‘Furious’ Islington Council exploring legal action over Upper Holloway fly-tipping
PUBLISHED: 15:44 08 March 2017 | UPDATED: 16:45 08 March 2017
“Furious” Islington Council has vowed to take fly-tippers to court after a mountain of potentially toxic commercial waste was dumped in an Upper Holloway industrial estate.
Landowners Telereal Trillium are expected to start clearing the stinking mess from Bush Industrial Estate in Station Road tomorrow.
But neighbours believe if the town hall and police had listened the first time they reported the illegal operation, the problem wouldn’t be half as bad.
Lorryloads of rubbish began being emptied in the site on February 25, days after travellers broke in. It was initially being dumped in a disused warehouse that had been broken into, but after a week the whole place was filled with rubbish.
Neighbours in Wedmore Gardens, whose homes back onto the site, alerted the council and police as soon as the dumping started, and then watched as trucks with covered number plates arrived hourly to unload tonnes of waste.
It eventually stopped on Sunday after the town hall and cops pulled over several vehicles and evicted the travellers. But Michael Slee, who runs the Wedmore Gardens estate management company, questioned why it took so long to act.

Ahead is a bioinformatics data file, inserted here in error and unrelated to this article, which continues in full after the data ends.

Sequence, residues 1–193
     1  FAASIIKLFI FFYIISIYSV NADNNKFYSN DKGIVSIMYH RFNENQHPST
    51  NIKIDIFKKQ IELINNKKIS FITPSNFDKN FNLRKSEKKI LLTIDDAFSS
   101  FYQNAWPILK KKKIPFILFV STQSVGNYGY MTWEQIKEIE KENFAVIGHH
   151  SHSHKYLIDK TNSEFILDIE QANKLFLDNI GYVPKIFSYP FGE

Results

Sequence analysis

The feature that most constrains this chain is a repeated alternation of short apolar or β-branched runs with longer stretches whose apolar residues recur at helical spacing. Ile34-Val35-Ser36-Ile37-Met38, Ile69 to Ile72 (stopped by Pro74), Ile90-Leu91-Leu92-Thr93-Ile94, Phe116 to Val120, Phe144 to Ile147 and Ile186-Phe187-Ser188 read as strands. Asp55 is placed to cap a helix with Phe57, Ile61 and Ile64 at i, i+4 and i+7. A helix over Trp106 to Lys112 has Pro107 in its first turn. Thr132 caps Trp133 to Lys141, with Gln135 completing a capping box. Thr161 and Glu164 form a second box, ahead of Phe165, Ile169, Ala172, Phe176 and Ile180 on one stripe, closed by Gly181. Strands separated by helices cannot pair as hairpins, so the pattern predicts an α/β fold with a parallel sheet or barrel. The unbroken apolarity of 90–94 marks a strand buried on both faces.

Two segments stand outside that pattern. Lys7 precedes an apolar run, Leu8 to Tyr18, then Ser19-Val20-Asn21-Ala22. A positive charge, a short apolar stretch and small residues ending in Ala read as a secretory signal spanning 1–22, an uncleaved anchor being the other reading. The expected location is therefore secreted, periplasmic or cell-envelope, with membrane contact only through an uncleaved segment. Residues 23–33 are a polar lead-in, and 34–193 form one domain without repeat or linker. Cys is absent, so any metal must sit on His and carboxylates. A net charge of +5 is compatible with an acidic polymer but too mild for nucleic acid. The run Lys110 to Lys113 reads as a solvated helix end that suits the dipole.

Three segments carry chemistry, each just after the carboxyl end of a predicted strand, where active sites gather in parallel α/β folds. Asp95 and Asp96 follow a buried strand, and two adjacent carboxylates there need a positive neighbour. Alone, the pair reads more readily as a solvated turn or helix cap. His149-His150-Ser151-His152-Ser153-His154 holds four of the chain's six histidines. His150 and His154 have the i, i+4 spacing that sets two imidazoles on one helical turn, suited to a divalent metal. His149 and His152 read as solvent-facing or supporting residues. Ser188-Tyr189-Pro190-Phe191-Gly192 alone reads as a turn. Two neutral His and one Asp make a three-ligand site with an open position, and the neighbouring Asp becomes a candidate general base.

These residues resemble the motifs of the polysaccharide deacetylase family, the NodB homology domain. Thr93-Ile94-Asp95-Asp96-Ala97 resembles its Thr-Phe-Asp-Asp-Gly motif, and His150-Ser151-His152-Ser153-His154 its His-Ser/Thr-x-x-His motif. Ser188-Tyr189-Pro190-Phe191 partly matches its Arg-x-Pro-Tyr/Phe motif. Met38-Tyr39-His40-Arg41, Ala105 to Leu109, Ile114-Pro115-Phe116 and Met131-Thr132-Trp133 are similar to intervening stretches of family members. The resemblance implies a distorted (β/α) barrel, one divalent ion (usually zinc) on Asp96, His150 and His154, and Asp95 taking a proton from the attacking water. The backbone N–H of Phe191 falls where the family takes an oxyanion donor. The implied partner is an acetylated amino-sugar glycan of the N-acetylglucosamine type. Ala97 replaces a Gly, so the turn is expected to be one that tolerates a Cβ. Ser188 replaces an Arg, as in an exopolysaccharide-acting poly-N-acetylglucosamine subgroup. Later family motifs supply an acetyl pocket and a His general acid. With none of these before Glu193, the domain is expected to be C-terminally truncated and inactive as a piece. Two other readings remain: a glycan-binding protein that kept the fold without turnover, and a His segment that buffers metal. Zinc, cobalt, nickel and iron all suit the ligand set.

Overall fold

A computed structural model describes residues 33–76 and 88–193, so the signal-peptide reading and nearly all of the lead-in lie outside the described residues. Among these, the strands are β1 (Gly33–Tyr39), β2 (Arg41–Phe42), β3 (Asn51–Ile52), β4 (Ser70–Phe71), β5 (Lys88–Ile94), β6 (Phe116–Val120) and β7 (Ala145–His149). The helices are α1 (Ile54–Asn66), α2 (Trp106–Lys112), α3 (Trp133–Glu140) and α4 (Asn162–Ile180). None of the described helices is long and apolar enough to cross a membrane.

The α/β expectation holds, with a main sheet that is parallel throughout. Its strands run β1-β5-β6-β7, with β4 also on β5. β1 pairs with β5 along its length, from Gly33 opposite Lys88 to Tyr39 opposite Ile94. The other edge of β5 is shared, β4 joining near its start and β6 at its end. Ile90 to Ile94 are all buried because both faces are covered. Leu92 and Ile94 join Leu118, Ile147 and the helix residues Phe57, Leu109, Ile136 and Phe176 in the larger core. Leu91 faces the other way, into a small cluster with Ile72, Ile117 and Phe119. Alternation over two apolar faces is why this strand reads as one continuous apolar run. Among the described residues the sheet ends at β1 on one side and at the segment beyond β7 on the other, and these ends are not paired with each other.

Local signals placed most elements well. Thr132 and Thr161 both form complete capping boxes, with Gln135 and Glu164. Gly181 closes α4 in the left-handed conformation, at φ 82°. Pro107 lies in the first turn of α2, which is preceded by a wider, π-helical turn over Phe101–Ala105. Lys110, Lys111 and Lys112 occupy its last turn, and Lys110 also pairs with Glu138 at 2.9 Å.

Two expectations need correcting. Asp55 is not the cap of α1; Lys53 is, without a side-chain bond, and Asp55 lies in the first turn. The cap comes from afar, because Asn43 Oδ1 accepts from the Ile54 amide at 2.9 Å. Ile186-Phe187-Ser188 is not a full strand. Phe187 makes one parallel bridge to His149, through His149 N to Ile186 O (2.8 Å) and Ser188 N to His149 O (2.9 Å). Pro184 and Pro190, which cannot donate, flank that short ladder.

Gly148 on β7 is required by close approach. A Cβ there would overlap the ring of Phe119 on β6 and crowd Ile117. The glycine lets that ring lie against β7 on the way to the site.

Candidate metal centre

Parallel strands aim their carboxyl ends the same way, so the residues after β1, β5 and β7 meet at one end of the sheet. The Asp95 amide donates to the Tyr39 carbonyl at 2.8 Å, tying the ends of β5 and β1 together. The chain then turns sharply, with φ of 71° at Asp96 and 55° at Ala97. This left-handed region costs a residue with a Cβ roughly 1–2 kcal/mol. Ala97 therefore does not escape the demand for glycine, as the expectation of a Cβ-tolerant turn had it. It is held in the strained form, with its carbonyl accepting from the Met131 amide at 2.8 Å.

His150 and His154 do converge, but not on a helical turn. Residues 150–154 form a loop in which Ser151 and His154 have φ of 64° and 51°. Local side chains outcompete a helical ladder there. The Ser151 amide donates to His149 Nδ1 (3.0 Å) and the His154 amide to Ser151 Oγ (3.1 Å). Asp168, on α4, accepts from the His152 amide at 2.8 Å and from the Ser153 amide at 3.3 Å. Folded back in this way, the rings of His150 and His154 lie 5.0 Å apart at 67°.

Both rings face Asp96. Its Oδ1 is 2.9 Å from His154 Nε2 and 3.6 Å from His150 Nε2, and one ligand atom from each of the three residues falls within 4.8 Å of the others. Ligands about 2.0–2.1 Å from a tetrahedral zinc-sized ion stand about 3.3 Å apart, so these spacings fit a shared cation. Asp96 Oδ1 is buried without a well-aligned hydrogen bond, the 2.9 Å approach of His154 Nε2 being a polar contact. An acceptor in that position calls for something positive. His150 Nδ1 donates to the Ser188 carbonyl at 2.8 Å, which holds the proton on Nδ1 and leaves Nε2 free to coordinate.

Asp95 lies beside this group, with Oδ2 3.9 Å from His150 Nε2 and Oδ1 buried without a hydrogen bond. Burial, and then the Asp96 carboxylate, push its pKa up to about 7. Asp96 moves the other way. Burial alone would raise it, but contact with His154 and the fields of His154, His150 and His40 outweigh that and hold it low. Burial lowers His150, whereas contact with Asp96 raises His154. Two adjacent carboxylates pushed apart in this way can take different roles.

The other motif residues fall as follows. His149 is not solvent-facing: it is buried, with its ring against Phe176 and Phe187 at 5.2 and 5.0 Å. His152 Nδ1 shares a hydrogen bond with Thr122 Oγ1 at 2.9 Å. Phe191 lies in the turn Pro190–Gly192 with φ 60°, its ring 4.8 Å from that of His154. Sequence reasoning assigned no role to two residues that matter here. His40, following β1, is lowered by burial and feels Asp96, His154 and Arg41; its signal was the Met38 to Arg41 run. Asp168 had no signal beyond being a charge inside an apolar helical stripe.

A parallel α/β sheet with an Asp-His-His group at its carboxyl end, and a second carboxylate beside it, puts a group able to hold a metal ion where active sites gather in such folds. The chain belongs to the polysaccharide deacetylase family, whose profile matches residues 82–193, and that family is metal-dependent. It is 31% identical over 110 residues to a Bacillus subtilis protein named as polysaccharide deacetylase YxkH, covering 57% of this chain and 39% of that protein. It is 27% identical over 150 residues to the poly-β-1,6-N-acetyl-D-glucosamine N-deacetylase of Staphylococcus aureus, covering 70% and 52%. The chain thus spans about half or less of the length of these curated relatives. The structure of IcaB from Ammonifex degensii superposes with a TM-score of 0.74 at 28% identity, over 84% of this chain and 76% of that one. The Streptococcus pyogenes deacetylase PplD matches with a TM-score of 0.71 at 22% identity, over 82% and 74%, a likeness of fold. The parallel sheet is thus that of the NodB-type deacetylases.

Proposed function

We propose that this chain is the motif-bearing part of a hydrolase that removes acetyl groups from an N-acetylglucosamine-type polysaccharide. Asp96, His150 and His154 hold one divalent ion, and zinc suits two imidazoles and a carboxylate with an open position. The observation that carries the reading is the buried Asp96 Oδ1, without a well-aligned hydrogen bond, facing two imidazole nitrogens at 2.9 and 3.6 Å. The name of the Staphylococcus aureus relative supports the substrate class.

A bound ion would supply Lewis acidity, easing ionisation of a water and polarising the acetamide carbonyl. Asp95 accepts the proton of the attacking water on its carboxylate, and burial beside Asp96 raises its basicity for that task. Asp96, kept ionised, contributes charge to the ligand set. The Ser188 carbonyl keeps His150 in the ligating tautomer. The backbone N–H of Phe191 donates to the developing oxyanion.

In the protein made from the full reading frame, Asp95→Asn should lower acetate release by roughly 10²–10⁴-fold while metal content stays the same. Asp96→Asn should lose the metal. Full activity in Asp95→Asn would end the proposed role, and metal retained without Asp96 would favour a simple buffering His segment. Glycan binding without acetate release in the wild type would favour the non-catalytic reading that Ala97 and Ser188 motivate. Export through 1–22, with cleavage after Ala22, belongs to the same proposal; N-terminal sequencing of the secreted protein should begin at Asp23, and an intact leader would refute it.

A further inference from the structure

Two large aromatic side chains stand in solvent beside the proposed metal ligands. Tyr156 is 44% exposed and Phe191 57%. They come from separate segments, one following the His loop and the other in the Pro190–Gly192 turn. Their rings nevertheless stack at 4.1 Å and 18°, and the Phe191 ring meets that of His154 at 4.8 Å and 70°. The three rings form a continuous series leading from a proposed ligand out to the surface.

He said: “We’ve been asking why the police didn’t stop them coming in and out of the site but we never got a straight answer. There’s only one way in.
“It was a very slick operation. You’d think it was a professional one. We were just watching it pile up by the day, as late as midnight. We’ve been told it could have asbestos.”
Michael explained the warehouse used to be rented – but not used – by Royal Mail, which stationed a security guard there 24/7.
Another neighbour, Anita Frizzarin, reported the dumping to the police and council on Wednesday last week when the site was half-full and believes the scale of the problem could have been avoided. Town hall bosses are now talking to Telereal and the Environment Agency about potential legal action – and getting the site cleared.
A council spokesman said the operation on Sunday required significant police and council resources, and went ahead as soon as possible.
Councils do not legally have the power to stop vehicles in the street on their own, he added, and it is the landowner’s responsibility to clear the site.
Environment boss Cllr Claudia Webbe said she was “furious” about the fly-tip.
A spokeswoman for Telereal dismissed reports the site had been left open and said the clean-up would begin tomorrow if an eviction notice was granted at a hearing today.
She explained: “The trespassers cut through two sets of padlocks and chains on the main gates, as well as a metal vehicle perimeter barrier that was secured on either side by blocks that were placed in front of the gates. This was a carefully planned act of organised criminal activity.”
Islington police told the Gazette they were looking into why action was not taken sooner.
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